Murphy's research at the Becker Friedman Institute examines common misconceptions about health care and the strategic behavior of amateur and professional golfers. She also works on the Freakonomics Golf Challenge experiments. A passionate traveler, her life's goal is to set foot on every continent.
2014 | Chicago Experiments Scholar
Neumann's research includes an education study investigating the effects of early childhood development interventions on strategy and social skills, and the effect of roommate relationships on preferences. She is interested in consumer choice in irregularly priced markets, commitment mechanisms, and the economics of the family.
2011–2013 | Chicago Experiments Scholar
Novgorodsky's research includes work on the existence and effects of social pressure and social signalling, the impact of incentives and competition on educational outcomes, altruism in effort provision, time inconsistency, sabotage, and the use of norms in promoting energy conservation. He received a bachelor's degree in economics and another in business administration from University of California, Berkeley in 2010. Before coming to the institute, he worked for Towers Watson as an actuarial analyst in their health and group benefits division.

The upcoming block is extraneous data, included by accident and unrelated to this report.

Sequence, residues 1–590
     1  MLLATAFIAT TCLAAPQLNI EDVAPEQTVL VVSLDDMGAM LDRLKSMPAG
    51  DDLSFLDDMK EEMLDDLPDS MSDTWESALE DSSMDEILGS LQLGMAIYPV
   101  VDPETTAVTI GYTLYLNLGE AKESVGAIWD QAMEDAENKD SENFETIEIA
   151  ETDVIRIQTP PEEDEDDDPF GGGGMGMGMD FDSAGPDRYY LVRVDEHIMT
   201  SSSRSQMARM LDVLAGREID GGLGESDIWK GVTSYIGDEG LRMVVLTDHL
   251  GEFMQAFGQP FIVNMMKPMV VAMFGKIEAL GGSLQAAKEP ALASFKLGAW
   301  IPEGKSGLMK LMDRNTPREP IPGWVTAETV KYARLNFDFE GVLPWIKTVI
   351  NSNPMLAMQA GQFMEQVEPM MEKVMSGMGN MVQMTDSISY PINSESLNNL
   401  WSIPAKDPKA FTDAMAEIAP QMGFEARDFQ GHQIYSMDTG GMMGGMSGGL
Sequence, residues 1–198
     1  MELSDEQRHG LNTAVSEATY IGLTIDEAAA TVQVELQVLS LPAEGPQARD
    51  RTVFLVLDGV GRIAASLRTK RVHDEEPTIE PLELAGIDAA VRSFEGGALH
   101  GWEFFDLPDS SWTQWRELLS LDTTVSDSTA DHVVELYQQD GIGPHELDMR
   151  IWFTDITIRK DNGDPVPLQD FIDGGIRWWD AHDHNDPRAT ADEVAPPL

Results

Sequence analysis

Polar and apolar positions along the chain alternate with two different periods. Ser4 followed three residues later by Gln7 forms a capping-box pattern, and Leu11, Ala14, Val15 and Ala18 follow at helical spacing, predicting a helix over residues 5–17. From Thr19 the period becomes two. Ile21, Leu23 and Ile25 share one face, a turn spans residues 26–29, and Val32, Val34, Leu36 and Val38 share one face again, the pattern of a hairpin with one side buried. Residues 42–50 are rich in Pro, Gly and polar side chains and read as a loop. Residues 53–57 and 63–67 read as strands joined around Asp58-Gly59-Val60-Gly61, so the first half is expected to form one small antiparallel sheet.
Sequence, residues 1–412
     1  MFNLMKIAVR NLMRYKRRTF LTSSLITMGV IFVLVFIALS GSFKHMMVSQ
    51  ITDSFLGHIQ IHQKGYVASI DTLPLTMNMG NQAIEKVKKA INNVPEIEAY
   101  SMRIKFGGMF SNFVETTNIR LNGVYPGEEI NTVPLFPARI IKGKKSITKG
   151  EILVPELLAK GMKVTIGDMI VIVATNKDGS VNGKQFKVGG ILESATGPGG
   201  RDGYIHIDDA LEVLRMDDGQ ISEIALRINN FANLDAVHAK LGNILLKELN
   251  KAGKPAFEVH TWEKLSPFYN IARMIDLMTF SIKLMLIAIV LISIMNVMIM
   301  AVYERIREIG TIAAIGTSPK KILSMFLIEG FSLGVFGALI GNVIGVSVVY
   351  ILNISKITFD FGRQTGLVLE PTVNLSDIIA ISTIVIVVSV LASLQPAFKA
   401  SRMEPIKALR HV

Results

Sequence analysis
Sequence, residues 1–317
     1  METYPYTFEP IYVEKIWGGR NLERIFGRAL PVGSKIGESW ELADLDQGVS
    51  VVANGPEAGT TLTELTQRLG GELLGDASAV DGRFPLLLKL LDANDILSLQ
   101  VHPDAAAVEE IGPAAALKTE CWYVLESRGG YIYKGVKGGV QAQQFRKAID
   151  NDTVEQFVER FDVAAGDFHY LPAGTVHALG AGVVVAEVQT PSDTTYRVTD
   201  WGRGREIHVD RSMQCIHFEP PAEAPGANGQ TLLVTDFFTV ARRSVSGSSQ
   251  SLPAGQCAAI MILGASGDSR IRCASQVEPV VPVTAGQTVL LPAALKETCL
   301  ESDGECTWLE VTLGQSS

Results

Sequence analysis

Patki's research examines learning-by-doing models, extreme weather patterns, and the effects of air pollution on birth outcomes. He also studies the impact of information technology adoption on firm size and location.
Zongjin (Franklin) Qian
Qian has been working with Matthew Gentzkow and Jesse M. Shapiro as a research professional at the Price Theory Initiative since July 2013. Previously, he attended Duke University. He has been working on projects related to competition in the newspaper market and preference for brand name drugs over generics by shoppers.
Robertson's research includes an examination of the strategic behavior of amateur golfers. She also studies the effects of Hurricane Katrina on New Orleans residents. She is also cocurriculum developer at the Chicago Heights Early Childhood Center and project manager of Freakonomics Experiments.
2013–2015 | Chicago Experiments Scholar
Simon's research focuses on the effects of early childhood intervention. He also studies the time and risk preferences of children, including the intergenerational transfer of those preferences, and prosocial behavior.
2010–2013 | Chicago Experiments Scholar
Phuong Ta works on various education studies at the Becker Center, looking at the effects of incentives to students as well as to teachers on students' performance on standardized tests.
To's research at the Becker Friedman Institute includes study of the economic incentives that shape ideological diversity in the media using data on US newspapers in the early 20th century. She also works on quantitative modeling of the economic mechanisms that could explain the lower than expected level of ideological segregation of the Internet, and studies of the history of partisanship in congressional speech.